The MoMA Museum of Modern Art in New York will launch the exhibition "Reuse, Renew, Recycle: Recent Architecture from China" (Reuse, Renew, Recycle: Recent Architecture from China) from September 18, 2021 to July 4, 2022. 8 projects from a new generation of architects in China. Participants include Pritzker Architecture Prize winners, amateur architecture studios (Wang Shu, Lu Wenyu), Chuangmeng International (Yuan Feng), Dashe Architects (Liu Yichun, Chen Yifeng) ), DnA Architects (Xu Tiantian), Zhu Pei Architects (Zhu Pei), Zhixiang Architects (Dong Gong) and Aga Khan Award Winner Standard Architects (Zhang Ke).
The topics covered by the exhibition range from the adaptive reuse of old industrial buildings, the recycling of building materials, the reinterpretation of traditional building techniques, and how to use non-interventional architecture to rejuvenate the economy of the countryside or the entire region. Contributions to social and ecological sustainability.
This is the first time that MoMA has launched a China Construction Exhibition. After a four-year research plan, including extensive communication with architects and multiple field visits to all participating projects, this exhibition will present about 160 contemporary Chinese buildings including models, drawings, photos, videos and recent collections. The physical model of the work.
The exhibition is curated by Martino Stierli, chief curator of Philip Johnson Architecture and Design, and Evangelos Kotsioris, curatorial assistant of the Department of Architecture and Design. Professor Li Xiangning of Tongji University in Shanghai serves as the curatorial consultant.
Over the past three decades, China’s unprecedented economic and social transformation has brought about a construction boom, making China the largest construction base in human history. After years of focusing on urban mega-projects and spectacular architectural works mostly designed by Western architects, the young generation of Chinese architects independent of state-owned design institutions began a reflection.
These architects challenged the “whiteboard reconstruction” that completely overthrew China’s urban structure and the daily lives of millions of people. They tended to adopt relatively small-scale interventions to seek beneficial interactions with the existing built environment and established social structures.
Chinese architects are creating a
Contemporary architectural language unique to China. "
Of the 8 architectural projects exhibited this time, 3 are located in Beijing and Shanghai, two first-tier Chinese cities and international metropolises, and the other 5 are located in second- and third-tier cities and rural areas such as Jingdezhen in Jiangxi, Songyang in Zhejiang, and Yangshuo in Guangxi. . From the city to the countryside, it presents China's new architectural face from different angles.
The exhibition is located in the exhibition hall along the street on the first floor of the Museum of Modern Art in New York. It is organized in 8 chapters and arranged in a circular pattern around the "island" in the center of the exhibition hall. Pedestrians can view the contents of the exhibition through the glass windows along the street. A project map was specially produced and displayed in the exhibition, indicating the specific location of each project in China. Through the guide of the map, the audience can know the geographical environment of the project more accurately.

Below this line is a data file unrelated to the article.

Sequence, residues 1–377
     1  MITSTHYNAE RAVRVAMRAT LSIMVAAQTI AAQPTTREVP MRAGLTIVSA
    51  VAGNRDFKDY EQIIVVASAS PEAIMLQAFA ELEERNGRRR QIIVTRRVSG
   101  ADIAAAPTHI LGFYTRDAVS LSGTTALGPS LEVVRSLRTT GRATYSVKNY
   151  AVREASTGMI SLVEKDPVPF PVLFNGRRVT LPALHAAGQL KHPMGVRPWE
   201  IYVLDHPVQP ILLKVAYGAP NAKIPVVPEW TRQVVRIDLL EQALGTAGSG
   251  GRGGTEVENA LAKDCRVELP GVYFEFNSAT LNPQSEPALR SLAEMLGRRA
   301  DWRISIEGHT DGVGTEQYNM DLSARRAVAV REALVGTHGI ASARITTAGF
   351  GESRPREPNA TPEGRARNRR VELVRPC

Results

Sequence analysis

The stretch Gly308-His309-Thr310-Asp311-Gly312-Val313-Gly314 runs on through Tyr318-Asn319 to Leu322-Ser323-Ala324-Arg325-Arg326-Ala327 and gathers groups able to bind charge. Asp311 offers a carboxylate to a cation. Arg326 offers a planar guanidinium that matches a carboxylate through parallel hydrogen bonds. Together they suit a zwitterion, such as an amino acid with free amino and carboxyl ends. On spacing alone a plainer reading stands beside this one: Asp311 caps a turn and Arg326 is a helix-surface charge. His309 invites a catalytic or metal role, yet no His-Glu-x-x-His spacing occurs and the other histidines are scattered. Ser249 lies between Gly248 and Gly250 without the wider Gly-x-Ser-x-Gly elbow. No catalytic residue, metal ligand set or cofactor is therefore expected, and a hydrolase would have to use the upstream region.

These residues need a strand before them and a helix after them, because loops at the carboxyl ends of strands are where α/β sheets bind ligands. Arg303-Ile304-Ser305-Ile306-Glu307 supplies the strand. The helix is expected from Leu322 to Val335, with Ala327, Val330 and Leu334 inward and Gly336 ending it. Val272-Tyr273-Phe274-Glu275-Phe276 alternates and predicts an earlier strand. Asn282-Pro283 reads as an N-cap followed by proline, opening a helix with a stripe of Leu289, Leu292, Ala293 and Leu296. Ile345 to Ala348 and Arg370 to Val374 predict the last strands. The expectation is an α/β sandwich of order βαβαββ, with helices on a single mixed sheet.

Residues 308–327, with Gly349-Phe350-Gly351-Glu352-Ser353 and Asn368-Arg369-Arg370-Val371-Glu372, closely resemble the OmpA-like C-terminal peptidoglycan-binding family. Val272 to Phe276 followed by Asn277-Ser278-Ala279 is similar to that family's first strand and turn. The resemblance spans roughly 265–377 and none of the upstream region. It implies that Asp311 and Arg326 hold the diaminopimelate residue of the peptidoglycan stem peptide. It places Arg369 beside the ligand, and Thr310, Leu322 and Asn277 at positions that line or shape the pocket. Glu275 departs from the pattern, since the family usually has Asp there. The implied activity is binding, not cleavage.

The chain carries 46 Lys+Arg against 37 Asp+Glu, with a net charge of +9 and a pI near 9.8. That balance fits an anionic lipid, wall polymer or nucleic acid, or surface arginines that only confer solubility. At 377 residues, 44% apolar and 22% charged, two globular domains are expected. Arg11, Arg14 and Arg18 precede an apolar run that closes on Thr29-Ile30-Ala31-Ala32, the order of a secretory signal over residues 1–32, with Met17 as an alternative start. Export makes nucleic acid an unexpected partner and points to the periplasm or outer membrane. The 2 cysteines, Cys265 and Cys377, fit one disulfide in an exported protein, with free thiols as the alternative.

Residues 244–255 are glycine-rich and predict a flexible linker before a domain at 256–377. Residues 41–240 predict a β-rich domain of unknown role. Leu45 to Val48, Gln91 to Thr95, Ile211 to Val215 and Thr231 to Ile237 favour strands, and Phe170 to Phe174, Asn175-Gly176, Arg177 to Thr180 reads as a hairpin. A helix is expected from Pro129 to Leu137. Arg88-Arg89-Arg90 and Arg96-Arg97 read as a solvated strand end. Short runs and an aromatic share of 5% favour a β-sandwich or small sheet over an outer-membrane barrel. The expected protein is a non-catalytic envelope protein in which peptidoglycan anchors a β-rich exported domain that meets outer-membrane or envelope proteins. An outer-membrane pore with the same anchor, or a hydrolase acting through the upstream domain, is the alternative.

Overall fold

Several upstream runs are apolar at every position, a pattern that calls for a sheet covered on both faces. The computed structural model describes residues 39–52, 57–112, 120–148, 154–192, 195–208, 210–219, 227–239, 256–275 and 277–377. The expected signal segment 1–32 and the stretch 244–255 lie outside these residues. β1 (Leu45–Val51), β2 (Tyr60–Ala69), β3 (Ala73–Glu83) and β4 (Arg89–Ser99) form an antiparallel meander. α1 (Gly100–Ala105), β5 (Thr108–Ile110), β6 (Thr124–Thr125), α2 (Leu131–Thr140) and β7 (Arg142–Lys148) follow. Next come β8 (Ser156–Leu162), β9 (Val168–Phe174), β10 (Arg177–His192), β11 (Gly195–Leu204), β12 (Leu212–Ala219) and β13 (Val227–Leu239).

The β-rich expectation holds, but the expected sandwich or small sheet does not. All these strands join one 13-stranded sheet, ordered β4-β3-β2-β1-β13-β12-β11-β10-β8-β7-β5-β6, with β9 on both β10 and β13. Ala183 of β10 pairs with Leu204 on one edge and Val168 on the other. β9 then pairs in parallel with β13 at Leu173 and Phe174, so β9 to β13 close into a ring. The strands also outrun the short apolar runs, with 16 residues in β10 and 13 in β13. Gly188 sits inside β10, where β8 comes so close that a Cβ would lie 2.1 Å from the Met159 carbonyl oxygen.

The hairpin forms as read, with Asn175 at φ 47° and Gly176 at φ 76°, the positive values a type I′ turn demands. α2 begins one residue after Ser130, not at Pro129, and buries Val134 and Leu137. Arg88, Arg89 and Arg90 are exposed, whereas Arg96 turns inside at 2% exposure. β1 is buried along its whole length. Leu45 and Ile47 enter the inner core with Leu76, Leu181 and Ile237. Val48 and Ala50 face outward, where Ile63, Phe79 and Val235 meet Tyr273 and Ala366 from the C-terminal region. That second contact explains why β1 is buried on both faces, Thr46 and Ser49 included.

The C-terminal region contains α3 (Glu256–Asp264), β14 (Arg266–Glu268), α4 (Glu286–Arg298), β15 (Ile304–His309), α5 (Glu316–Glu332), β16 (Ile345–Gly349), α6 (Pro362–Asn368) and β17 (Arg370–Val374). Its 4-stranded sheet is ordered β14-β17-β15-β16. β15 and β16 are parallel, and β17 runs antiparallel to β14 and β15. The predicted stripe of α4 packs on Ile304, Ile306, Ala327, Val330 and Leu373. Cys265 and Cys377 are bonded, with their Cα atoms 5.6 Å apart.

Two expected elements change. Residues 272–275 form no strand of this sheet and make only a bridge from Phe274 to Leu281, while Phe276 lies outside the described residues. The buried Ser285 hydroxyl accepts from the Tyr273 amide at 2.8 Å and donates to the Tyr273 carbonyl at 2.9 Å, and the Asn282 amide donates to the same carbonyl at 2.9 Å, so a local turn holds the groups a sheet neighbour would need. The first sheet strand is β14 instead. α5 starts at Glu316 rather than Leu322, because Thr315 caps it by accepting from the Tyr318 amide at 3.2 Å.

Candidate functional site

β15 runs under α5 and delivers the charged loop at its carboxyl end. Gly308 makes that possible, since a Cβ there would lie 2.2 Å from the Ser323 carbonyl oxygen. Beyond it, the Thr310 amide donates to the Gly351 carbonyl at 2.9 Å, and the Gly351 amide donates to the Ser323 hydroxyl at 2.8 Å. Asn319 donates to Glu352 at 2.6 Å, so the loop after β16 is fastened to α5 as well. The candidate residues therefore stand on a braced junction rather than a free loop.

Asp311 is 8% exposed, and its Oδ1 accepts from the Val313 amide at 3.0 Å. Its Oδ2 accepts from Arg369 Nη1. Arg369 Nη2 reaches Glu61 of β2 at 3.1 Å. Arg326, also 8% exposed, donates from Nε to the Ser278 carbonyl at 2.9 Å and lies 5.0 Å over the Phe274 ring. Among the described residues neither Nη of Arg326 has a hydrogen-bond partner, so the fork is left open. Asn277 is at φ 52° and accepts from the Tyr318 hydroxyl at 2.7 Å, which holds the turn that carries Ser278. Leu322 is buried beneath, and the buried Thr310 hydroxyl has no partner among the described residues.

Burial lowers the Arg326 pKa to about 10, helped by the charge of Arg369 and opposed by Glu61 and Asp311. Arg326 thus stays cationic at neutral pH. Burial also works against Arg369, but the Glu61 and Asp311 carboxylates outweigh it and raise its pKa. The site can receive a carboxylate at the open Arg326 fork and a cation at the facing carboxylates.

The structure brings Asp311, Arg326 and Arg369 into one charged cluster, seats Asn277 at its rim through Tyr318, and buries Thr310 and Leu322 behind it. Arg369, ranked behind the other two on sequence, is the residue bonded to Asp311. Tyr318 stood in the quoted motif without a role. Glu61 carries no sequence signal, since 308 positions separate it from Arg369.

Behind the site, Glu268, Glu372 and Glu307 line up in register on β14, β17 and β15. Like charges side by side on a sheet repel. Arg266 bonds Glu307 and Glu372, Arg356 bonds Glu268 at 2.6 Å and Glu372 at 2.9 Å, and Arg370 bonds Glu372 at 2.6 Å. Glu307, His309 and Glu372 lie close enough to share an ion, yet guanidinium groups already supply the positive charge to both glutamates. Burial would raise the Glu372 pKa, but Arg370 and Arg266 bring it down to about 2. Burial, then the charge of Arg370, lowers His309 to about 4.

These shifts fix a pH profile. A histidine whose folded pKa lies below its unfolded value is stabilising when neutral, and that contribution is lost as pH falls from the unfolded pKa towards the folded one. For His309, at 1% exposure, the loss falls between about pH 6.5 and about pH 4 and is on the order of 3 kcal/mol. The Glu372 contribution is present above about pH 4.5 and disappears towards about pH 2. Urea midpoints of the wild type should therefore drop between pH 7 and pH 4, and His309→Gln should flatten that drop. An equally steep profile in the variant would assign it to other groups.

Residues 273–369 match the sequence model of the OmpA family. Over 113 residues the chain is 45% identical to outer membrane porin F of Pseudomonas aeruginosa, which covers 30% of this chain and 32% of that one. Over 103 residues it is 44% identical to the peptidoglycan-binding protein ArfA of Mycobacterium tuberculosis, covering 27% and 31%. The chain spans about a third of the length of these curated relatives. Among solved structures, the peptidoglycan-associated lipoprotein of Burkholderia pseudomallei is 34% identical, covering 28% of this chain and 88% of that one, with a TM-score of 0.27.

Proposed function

The Alila Sugar Hotel in Yangshuo, located in Guilin, Guangxi, is an industrial facility converted from an abandoned sugar factory in the 1960s. The hotel is located in a col on the bank of the Li River in Yangshuo County, Guangxi Province. This area is one of the most representative areas of karst landforms. The old sugar factory is regarded as a generation of life memories and emotional carriers.
Zhixiang Architects arranged the hotel's standard guest room stairs and villas on the two wings of the old sugar factory, and the texture of the composite facade materials and the logic of the building are consistent with the blue bricks of the old building. At the same time, the volume of the new building was strictly controlled to be lower than that of the old factory building, and the sloped roof form and roof angle of the old sugar factory were used, which in turn allowed the new and old buildings to evolve and change in the same order.
The Imperial Kiln Museum is located in the center of Jingdezhen’s historic district, adjacent to the Ming and Qing imperial kiln ruins. The area is surrounded by buildings of different ages. The rich and diverse urban texture creates an extremely special and heavy location environment.
The Imperial Kiln Museum is composed of eight linear brick arch structures of different sizes and volumes, arranged along the north-south direction, and implanted in the complex area with a humble attitude and appropriate scale. On the one hand, the scale of the arched structure is not only close to the surrounding traditional wood kilns, but also makes a good transition between large-scale factories, residential buildings and traditional houses. At the same time, the representative vault shape of the kiln cleverly wraps the ruins of the imperial kiln into the internal space of the museum.